PepsiCo's Nooyi Comes Under Fire as Trump Council Splinters
PepsiCo Inc. Chief Executive Officer Indra Nooyi is being targeted by Color of Change, a nonprofit racial-justice group that has previously gone after Uber Technologies Inc. and Walt Disney Co.
The organization is pressuring Nooyi to step down from Donald Trump’s business-advisory council after the president was slow to condemn white-supremacist violence last weekend in Virginia. Campbell Soup Co. CEO Denise Morrison, another Trump adviser, will be a target of the campaign as well, said Rashad Robinson, executive director of the group, which claims 1 million online members.
“We let Pepsi know about 24 hours ago that we would be moving forward on them,” Robinson said in an interview on Tuesday. “They are a public-facing company that talks openly about diversity. Their role on this business council is that of an enabler, and they are an enabler to Donald Trump -- not just the policies but the practices that are putting folks in harm’s way.”
Pressure on Trump’s business advisers has mounted since Monday, when CEOs from Merck & Co., Under Armour Inc. and Intel Corp. all stepped down from his manufacturing council. CEOs from Dow Chemical Co., General Motors Co., General Electric Co. and Boeing Co., meanwhile, have indicated they will stay for now. Trump also tweeted on Tuesday that he has many leaders waiting to take the place of anyone who leaves.
“What we’re hoping is for these companies to stop, and desert, and leave this administration isolated,” Robinson said.
The group also is calling for IBM Corp. CEO Ginni Rometty to break ties with Trump. That puts its focus on three female members of a mostly male group of executives. General Motors Co.’s Mary Barra hasn’t been targeted.
PepsiCo declined to comment on the Color of Change campaign, while Campbell didn’t immediately have a comment. IBM didn’t immediately respond to requests for comment.
It’s not the first time Trump has faced defections from his panels. Uber CEO Travis Kalanick left the White House’s strategy and policy forum after the ride-sharing company lost customers and drivers who protested his connection with the administration. Disney CEO Bob Iger and Tesla Inc. founder Elon Musk withdrew from presidential panels after Trump decided to pull out of the Paris climate accord.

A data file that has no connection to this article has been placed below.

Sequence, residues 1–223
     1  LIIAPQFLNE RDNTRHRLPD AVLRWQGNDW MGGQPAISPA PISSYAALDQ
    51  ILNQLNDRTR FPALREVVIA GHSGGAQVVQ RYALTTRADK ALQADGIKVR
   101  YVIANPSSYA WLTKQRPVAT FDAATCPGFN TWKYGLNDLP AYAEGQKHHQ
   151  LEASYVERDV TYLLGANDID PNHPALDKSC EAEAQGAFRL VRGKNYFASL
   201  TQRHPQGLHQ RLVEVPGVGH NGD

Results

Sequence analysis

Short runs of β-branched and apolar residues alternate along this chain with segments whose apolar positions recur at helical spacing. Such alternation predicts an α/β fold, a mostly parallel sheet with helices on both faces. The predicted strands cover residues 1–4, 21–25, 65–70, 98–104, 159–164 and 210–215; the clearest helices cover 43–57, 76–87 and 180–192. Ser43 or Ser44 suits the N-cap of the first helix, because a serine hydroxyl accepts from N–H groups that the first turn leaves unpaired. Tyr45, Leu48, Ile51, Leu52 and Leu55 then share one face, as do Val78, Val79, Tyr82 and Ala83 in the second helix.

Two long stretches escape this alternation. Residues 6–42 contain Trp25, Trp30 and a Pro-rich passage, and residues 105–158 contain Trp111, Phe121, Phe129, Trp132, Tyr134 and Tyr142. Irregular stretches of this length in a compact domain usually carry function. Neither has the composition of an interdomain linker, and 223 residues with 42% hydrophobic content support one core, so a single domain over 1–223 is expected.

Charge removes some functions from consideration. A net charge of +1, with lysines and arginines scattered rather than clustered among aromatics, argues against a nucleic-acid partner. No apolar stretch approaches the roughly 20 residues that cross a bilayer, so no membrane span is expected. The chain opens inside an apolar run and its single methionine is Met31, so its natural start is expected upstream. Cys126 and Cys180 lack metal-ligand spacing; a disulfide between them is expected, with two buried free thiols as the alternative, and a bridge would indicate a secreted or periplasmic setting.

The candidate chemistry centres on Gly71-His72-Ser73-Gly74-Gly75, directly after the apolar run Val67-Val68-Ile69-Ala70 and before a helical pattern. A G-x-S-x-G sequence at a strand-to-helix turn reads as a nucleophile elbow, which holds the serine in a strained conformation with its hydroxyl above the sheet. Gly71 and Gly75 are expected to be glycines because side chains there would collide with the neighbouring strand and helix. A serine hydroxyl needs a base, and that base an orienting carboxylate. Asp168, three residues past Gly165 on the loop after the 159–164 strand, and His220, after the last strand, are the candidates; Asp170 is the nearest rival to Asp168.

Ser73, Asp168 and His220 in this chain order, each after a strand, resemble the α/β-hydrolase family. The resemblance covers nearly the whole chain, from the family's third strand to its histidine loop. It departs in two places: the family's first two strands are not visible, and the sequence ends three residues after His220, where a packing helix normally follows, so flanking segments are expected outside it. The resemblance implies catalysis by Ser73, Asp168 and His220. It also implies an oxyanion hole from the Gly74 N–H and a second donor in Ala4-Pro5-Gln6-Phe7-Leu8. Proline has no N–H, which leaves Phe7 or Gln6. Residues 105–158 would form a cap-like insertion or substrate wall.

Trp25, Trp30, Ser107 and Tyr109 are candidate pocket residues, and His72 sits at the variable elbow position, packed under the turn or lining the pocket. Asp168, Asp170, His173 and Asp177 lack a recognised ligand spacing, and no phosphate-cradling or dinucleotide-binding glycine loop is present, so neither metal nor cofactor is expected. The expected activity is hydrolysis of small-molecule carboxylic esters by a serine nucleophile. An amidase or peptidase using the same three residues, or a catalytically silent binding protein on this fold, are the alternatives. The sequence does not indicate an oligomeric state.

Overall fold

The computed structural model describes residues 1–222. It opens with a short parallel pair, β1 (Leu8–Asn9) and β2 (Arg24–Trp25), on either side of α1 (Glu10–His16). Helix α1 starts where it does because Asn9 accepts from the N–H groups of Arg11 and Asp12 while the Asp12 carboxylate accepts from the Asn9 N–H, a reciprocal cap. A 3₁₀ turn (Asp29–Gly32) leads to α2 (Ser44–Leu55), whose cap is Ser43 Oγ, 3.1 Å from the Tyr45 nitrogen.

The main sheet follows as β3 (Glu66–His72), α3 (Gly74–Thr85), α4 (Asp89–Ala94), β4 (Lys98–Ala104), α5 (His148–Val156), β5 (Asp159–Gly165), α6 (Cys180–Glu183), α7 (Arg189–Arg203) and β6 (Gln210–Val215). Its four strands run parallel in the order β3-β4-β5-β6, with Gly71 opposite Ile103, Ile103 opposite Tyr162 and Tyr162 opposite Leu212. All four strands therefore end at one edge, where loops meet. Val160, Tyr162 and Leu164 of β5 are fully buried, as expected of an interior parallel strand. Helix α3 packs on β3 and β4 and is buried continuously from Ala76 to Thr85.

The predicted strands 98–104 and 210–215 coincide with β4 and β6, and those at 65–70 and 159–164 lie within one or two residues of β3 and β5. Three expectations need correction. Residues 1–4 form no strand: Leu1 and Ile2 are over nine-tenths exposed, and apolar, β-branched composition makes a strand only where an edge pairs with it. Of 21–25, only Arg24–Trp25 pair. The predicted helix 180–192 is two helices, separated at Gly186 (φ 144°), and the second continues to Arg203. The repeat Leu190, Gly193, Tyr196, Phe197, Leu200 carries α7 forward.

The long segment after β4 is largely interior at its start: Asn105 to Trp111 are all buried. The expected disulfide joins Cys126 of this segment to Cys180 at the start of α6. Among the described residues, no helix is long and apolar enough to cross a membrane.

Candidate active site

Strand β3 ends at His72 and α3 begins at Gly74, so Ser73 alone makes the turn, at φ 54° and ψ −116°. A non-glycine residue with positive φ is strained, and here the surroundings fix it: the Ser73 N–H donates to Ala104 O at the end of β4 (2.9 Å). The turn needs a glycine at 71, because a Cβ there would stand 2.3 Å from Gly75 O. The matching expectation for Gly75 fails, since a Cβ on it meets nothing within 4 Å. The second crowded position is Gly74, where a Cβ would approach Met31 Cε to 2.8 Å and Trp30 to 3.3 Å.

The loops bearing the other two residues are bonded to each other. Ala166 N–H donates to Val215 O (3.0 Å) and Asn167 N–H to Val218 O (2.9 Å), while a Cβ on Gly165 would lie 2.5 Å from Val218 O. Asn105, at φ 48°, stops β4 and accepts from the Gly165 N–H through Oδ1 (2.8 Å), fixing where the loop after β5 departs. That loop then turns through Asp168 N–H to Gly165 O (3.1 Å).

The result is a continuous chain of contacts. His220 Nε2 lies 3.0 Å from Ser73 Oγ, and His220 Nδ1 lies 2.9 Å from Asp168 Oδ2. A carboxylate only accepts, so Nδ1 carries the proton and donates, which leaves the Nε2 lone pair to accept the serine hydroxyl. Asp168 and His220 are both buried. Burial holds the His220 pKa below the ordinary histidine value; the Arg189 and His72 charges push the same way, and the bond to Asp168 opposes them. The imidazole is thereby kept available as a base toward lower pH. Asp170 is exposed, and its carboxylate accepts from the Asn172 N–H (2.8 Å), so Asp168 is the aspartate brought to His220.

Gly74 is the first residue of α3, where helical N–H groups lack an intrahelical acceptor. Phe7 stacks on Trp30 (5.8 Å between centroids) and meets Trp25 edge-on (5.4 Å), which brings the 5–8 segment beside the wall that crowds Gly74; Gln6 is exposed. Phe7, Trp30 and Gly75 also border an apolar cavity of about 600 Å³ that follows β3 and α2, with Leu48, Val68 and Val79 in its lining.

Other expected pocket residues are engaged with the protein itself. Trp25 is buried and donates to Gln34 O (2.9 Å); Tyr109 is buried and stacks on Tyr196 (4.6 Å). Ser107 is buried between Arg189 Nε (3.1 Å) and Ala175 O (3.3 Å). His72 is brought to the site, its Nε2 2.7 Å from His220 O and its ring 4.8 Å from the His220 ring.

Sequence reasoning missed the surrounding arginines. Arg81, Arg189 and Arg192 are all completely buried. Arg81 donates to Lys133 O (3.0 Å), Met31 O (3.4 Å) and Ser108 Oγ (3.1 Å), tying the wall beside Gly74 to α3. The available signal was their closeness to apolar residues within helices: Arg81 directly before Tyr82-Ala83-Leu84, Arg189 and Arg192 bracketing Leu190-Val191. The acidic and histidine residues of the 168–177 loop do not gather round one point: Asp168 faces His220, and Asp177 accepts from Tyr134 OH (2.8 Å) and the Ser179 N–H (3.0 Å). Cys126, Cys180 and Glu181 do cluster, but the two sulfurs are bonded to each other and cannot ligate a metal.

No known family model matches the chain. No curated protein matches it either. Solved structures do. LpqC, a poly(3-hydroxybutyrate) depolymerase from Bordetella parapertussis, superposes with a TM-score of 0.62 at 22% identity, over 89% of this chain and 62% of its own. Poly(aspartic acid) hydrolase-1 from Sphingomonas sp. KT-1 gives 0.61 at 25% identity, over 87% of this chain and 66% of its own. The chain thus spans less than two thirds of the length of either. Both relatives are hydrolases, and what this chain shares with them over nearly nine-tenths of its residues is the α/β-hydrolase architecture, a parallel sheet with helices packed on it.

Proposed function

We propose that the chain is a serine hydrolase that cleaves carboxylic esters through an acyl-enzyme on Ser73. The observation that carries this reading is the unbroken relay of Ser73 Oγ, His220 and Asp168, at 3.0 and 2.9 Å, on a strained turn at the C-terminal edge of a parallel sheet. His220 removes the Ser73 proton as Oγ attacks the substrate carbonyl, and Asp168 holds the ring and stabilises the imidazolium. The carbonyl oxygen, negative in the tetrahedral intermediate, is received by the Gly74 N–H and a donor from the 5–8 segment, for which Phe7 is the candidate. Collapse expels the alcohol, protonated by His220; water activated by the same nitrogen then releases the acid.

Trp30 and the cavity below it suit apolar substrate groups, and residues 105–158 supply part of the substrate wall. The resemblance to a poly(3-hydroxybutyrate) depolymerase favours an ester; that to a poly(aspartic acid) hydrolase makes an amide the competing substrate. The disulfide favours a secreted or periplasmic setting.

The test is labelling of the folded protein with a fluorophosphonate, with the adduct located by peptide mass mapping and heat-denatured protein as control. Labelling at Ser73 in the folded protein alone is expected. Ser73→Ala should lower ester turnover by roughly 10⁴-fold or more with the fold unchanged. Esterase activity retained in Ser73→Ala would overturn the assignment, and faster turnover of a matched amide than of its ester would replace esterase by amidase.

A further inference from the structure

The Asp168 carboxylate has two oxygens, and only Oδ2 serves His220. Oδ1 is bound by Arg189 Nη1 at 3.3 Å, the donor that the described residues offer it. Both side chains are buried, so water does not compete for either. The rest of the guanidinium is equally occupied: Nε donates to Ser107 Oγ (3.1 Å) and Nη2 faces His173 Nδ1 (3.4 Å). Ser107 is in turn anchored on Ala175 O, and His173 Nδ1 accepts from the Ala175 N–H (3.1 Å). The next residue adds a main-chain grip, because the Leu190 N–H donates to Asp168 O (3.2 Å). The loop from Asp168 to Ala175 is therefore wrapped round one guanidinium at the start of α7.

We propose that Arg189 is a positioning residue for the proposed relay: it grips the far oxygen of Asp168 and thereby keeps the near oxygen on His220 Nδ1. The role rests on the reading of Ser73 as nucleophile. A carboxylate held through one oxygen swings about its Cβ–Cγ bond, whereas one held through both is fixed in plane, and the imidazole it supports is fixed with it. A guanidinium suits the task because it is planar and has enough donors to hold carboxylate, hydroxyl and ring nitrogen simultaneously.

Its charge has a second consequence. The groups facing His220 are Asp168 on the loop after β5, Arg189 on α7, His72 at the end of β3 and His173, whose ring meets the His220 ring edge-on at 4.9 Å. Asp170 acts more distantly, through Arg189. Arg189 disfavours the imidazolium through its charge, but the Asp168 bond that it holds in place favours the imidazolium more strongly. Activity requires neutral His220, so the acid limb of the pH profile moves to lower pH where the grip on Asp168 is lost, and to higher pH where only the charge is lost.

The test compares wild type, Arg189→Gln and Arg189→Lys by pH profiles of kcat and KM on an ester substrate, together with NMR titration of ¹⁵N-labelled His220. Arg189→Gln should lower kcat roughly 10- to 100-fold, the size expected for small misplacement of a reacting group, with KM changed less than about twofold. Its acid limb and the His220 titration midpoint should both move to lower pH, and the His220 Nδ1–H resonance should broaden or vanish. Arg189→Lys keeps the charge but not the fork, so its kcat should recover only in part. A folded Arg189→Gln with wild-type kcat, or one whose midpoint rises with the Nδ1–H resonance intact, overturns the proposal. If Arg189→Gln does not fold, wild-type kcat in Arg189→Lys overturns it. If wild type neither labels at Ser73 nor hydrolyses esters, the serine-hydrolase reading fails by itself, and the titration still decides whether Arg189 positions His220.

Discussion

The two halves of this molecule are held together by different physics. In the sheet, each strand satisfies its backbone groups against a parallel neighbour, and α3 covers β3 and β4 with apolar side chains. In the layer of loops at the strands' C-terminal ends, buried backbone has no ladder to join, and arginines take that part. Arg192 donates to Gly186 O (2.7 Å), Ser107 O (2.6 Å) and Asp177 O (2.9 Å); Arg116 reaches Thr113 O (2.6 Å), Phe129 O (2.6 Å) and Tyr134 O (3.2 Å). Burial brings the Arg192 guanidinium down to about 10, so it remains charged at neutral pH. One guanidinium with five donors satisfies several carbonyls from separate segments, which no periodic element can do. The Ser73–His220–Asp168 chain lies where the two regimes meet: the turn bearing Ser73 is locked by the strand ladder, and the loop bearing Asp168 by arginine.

‘Heartbroken’ by Violence
The latest criticism of Trump stems from his failure to quickly condemn white supremacists for deadly violence at a rally Saturday in Charlottesville, Virginia. Nooyi, 61, responded to the attacks with a tweet: “Heartbroken by the violence in #Charlottesville. Hate and intolerance are a betrayal of what we stand for as Americans.”
Though Nooyi was more vocal than many CEOs in addressing the controversy, Color of Change has said that the tweet alone doesn’t go far enough. Its members have begun targeting her on social media with the hashtag #QuitTheCouncil. The group was previously credited with limiting companies’ investment in the Republican National Convention last year.
Nooyi has faced backlash in the Trump Era from both sides of the political spectrum. Two days after Trump’s victory in November, Nooyi spoke about the reaction of her family and employees to the election results.
“Our employees were all crying and the questions that they’re asking, especially those who are not white, ‘Are we safe?’” she said at an event sponsored by the New York Times. “I never thought I’d have to answer those questions.”
Though Nooyi stressed the need to be unified as a country, the comments got PepsiCo placed on pro-Trump boycott lists.
PepsiCo later said that Nooyi misspoke at the conference. Nooyi was referring to a group of employees she spoke to, not all of PepsiCo’s workers, a representative said in a statement to the Washington Post. The situation was exacerbated by fabricated accounts of Nooyi saying PepsiCo didn’t want Trump supporters to buy their products.
Nooyi, who was born in India, joined the president’s Strategic and Policy Forum on Dec. 14 and hasn’t spoken out against the administration since then. But the company faced controversy again in April when an ad featuring Kendall Jenner drew flak for seeming to make light of the Black Lives Matter movement.
At Campbell on Monday, a spokesman cited the importance of diversity and inclusion when explaining why Morrison was staying on Trump’s council.
“It continues to be important for Campbell to have a voice and provide input on matters that will affect our industry, our company and our employees in support of growth,” Thomas Hushen said.